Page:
False aneurysms, also known as pseudoaneurysms, are abnormal outpouchings or dilatation of arteries which are bounded only by the tunica adventitia, the outermost layer of the arterial wall. These are distinguished from true aneurysms, which are bounded by all three layers of the arterial wall. Pseudoaneurysms typically occur when there is a breach in the vessel wall such that blood leaks through the inner wall but is contained by the adventitia or surrounding perivascular soft tissue.
- trauma (dissection or laceration)
- iatrogenic (dissection, laceration or puncture)
- arterial catheterization - accounts for most iatrogenic pseudoaneurysms
- biopsy, surgery
- spontaneous dissection
- fibromuscular dysplasia (dissection)
- mycotic aneurysm (inflammatory digestion of the vessel wall)
- myocardial infarction (left ventricular false aneurysm)
- regional inflammatory process
- vessel injury/erosion due to a tumor: relatively uncommon
- penetrating atherosclerotic ulcer
They can involve any arterial segment or even a cardiac chamber. Examples include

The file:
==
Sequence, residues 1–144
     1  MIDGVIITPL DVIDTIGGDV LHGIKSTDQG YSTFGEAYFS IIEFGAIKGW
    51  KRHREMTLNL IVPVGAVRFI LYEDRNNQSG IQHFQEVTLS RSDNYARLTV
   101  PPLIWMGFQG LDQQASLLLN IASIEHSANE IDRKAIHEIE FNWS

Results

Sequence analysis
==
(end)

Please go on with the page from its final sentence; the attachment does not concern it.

- aortic pseudoaneurysm: traumatic aortic pseudoaneurysm
- femoral artery pseudoaneurysm: relatively common site due to femoral punctures
- carotid artery pseudoaneurysm
- visceral arterial pseudoaneurysm
- peripheral arterial (limb) pseudoaneurysm
- left ventricular pseudoaneurysm
- brachiocephalic artery pseudoaneurysm
Some of the imaging features may be dependent on location.
Due to the turbulent forward and backward flow, a characteristic yin-yang sign may be seen on color flow while a "to and fro" pattern may be seen with pulsed Doppler.
- hypoattenuating (non-contrast) or hyperattenuating (contrast-enhanced) smooth-walled sac adjacent to an artery, usually with a communication
Treatment and prognosis
The risk of rupture is higher than that of a true aneurysm of comparable size due to poor support of the aneurysm wall and thus false aneurysms generally require treatment.